All modules in this series aim to engage students in grades 6 through 12 in STEM disciplines, while promoting student learning of the marine environment. We hope these lessons enable teachers to address student misconceptions and apprehensions regarding the unique organisms and properties of marine ecosystems. We intend for these modules to be a guide for teaching. Teachers are welcome to use the lessons in any order, use just portions of lessons, and may modify the lessons as they wish. Furthermore, educators may share these lessons with other school districts and teachers; however, please do not receive monetary gain for lessons in any of the modules.
You can download the module and view our other modules here; http://outreach.deependconsortium.org/index.php/education/resources/lesson-plans
Hey Kids, Squirt here to introduce Dr. Tamara Frank!
Listen as she talks about the largest migration on the planet, her work with DEEPEND, and how she struggled to break into the marine biology world! She is part of our crustacean team that studies animals like crabs, lobsters, crayfish, shrimp and krill.
Below are some of the images of crustaceans we've pulled up with our MOCNESS during our research cruises!
Did you have any questions for Dr.Frank?
Leave them in the comments below!
Squirt here to talk about bacteria!
Bacteria are microscopic organisms that can thrive in many different types of environments, including our oceans! Bacteria have a bad reputation for making people sick, but they can also be incredibly helpful.
For example; some anglerfish (seen above) cannot produce their own light. Remember, bioluminescence is a chemical process that allows an animal to produce its own light. So how do these anglerfish get their glow? Anglerfish actually borrow their light from bacteria! These tiny bacteria, called Photobacterium, live in the anglerfish's esca, or lure. In exchange the bacteria gains protection and nutrients as the fish swims through the ocean. Pretty neat, huh?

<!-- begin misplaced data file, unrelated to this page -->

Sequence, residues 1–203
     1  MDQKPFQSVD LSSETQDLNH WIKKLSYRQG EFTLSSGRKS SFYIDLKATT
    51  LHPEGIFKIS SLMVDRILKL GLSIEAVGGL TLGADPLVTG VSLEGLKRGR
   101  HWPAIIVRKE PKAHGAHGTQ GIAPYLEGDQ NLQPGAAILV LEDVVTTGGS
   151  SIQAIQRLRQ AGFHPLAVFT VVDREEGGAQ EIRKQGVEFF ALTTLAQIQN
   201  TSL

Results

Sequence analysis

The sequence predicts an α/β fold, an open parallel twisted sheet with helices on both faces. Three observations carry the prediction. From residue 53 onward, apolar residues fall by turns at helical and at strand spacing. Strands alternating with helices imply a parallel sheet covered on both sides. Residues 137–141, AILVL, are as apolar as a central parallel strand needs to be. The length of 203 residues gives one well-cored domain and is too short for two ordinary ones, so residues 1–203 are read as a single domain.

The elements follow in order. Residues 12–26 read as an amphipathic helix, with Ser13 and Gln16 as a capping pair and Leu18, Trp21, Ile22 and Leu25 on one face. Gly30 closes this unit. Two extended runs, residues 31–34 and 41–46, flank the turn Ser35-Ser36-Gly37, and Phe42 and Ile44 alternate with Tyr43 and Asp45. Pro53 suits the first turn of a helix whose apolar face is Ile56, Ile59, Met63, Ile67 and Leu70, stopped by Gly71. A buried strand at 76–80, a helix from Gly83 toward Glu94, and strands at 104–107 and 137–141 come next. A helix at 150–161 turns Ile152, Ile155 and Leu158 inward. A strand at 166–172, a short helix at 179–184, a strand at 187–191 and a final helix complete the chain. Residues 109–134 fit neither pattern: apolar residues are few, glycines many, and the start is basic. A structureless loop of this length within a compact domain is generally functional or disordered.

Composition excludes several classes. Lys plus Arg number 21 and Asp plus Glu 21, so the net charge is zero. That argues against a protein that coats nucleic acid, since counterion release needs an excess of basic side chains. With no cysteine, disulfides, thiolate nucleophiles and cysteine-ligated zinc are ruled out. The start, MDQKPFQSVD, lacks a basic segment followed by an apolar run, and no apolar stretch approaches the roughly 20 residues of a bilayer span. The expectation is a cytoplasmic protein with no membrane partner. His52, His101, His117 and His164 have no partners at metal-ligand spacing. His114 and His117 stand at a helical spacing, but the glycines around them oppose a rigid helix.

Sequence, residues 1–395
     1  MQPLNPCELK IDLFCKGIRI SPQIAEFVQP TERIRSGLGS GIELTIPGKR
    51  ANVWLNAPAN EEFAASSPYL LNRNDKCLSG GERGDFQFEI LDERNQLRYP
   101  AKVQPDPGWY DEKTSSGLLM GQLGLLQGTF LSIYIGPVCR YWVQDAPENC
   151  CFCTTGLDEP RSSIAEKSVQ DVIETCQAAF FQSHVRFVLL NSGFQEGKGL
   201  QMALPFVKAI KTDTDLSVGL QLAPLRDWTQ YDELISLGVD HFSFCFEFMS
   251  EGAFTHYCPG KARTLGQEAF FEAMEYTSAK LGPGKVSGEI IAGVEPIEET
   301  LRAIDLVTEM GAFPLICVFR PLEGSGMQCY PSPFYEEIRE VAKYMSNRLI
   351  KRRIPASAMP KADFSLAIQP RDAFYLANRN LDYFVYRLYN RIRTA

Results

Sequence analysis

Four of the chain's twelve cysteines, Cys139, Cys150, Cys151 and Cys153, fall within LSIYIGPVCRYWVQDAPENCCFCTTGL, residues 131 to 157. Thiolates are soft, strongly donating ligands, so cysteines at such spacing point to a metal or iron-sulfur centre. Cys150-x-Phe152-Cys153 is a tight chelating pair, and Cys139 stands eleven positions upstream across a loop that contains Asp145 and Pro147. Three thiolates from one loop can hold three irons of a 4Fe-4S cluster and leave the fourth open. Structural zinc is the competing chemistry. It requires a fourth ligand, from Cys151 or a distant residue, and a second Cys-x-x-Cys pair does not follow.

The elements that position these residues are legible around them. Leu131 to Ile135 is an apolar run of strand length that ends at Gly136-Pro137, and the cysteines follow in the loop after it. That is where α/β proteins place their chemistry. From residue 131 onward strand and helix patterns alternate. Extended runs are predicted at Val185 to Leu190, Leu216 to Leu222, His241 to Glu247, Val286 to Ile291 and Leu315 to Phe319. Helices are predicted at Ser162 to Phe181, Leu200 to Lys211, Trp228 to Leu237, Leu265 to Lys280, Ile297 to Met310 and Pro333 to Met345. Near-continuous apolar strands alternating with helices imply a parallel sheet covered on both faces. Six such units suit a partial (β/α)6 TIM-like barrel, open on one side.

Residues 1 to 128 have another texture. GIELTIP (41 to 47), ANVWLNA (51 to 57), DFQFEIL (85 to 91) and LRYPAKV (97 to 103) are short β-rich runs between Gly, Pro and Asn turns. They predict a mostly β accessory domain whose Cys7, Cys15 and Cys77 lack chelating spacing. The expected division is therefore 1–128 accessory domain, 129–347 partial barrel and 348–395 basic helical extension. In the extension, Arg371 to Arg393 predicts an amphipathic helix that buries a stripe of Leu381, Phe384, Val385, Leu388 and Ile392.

This is also a great example of a symbiotic relationship! A symbiotic relationship is a type of interaction between different species. Sometimes they're beneficial and sometimes they're harmful, but these relationships are essential to many organisms and ecosystems, and they provide a balance that can only be achieved by working together.
Did you know that DEEPEND has a special team that studies these bacteria? Lindsey Freed and Dr.Joe Lopez are working on determining the species of bacteria found on these lures because it turns out that each anglerfish species actually has a unique species of bacterium it's paired with!
No one really knows how many different species of luminescent bacteria there are in total or how these anglerfishes are getting their bacteria in the first place. So far, there are tow different ideas. Either there are bacteria floating around in the ocean waiting to be picked up by the correct anglerfish species, or, these fish are being introduced to this bacteria by their parent during their larval stage (seen below).
Which method do you think anglerfish are collecting their bacteria?
Squirt here with some exciting news!
Some of the scientists that work with DEEPEND will be at the Ft. Lauderdale boat show all weekend long! The show will be taking place at the Coral Reef Pavillion, Bahia Mar. DEEPEND will have special presentations from 11 in the morning until three in the afternoon each day where they will share information about the deep-sea organisms that live in the Gulf of Mexico.
The show starts on Friday, November 4th and ends on Sunday, November 6th!
Come out and play some games for an opportunity to win prizes! All teachers should also stop by our booth for a token of our appreciation!
We hope to see you there!
Hey kids, Squirt here to talk about my favorite week! Cephalopod awareness week!
This week is all about celebrating and learning about the different cephalopods that live in our oceans! Since the DEEPEND team does all their work in the Gulf of Mexico, we will highlight some of the cephalopods they have captured there.